We are experiencing a historic crisis with the COVID-19 pandemic that will have far-reaching consequences for every aspect of our lives. What does this mean for criminal behavior? Early reports have shown that social isolation has reduced criminal activity, but skeptics question how long this pattern will last and raise concerns about crimes that occur outside of the public eye, such as domestic and family violence. What does this mean for crime control as police are also affected by exposure to the virus and their duties have shifted in response to social changes?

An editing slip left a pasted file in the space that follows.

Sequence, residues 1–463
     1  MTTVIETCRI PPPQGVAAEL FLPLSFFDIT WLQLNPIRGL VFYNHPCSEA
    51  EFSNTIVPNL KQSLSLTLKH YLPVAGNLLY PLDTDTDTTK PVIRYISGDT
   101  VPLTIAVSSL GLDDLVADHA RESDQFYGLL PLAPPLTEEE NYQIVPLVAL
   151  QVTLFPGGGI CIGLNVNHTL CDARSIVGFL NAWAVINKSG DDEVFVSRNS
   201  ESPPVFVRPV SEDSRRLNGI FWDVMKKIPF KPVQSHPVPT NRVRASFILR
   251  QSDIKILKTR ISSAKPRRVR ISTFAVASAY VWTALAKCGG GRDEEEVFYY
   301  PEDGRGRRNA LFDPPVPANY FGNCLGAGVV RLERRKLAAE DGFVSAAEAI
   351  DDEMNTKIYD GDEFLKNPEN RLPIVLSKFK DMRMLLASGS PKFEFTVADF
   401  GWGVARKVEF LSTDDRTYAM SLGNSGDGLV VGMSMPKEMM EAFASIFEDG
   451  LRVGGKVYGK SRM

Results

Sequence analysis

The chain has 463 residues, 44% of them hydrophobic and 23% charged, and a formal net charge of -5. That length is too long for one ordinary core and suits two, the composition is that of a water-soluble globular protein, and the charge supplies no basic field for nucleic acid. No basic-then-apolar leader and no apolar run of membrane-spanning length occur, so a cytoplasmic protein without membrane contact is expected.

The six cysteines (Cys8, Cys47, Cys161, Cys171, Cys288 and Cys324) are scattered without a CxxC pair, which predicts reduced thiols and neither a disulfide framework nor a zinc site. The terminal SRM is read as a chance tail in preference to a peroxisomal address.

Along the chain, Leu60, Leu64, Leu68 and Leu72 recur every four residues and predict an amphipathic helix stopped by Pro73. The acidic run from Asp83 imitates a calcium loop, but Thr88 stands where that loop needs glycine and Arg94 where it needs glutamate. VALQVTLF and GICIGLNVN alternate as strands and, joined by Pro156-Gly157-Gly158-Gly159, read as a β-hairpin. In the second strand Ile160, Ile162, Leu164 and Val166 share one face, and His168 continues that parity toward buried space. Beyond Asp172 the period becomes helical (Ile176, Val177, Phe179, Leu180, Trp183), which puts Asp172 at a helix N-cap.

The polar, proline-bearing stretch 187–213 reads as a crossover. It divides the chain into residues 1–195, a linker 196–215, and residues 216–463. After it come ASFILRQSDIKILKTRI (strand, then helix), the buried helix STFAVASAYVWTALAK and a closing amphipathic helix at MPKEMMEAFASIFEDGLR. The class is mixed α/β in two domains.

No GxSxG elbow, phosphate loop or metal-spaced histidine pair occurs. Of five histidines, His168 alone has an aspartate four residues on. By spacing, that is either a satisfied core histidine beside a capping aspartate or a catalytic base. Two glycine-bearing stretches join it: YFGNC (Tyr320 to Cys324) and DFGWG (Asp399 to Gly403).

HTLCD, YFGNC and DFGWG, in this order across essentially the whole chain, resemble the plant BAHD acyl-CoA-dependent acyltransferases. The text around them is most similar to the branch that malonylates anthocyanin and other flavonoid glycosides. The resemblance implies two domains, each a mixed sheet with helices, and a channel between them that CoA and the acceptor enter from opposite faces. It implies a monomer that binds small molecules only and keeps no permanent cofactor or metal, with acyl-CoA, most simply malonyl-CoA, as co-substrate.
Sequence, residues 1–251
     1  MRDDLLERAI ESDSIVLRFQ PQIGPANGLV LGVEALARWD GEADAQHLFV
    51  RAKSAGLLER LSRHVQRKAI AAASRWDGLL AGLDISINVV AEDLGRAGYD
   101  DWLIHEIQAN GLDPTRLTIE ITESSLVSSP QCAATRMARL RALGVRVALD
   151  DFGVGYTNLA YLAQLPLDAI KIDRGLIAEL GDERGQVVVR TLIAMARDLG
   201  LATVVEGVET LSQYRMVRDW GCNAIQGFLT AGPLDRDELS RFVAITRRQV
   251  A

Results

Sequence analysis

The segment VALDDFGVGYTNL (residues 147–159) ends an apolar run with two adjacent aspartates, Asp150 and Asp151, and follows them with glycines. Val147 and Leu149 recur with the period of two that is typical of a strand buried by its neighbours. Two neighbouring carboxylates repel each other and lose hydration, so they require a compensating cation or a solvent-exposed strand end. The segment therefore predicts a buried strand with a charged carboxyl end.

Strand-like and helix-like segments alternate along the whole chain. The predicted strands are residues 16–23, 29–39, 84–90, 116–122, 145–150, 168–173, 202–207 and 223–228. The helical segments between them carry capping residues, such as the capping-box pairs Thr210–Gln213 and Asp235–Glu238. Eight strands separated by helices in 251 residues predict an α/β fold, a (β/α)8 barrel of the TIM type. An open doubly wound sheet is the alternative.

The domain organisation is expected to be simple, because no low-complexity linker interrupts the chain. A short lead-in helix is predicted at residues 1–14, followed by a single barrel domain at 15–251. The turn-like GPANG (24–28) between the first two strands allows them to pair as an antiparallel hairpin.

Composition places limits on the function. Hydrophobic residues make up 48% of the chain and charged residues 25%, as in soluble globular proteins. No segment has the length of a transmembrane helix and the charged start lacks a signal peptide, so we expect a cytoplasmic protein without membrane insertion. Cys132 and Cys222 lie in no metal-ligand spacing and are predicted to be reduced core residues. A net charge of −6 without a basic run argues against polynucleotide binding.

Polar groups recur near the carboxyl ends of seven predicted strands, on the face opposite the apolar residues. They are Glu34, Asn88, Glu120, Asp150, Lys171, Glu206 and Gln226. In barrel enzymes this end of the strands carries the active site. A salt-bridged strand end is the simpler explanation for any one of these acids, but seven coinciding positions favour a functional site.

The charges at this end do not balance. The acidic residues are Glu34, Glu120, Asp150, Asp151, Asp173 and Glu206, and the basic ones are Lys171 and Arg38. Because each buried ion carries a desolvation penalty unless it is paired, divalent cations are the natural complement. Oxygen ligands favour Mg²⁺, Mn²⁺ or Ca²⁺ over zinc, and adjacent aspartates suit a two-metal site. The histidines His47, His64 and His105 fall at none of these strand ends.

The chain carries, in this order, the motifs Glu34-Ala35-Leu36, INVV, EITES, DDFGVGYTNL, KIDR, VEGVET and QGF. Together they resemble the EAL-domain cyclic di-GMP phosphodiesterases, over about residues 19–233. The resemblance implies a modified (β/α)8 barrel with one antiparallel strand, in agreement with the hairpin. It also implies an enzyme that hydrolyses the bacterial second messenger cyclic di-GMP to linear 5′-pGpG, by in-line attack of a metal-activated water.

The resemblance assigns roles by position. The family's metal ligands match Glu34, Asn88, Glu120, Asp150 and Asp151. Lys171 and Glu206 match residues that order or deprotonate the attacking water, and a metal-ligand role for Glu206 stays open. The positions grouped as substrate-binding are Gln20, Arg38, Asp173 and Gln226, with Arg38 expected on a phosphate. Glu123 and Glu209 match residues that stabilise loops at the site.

This course will examine how criminologists have studied major shocks to social systems and their effects on crime and disorder. It will consider natural disasters, like hurricanes, droughts, or diseases, as well as anthropogenic disasters like wars or environmental accidents. It will apply sociological theories of change and order to disasters in the U.S., such as Hurricane Katrina, as well as those from other countries, such as the Fukushima nuclear disaster in Japan, in to understand how drastic events affect crime rates and social control. We will end the semester applying this knowledge to the global COVID-19 crisis.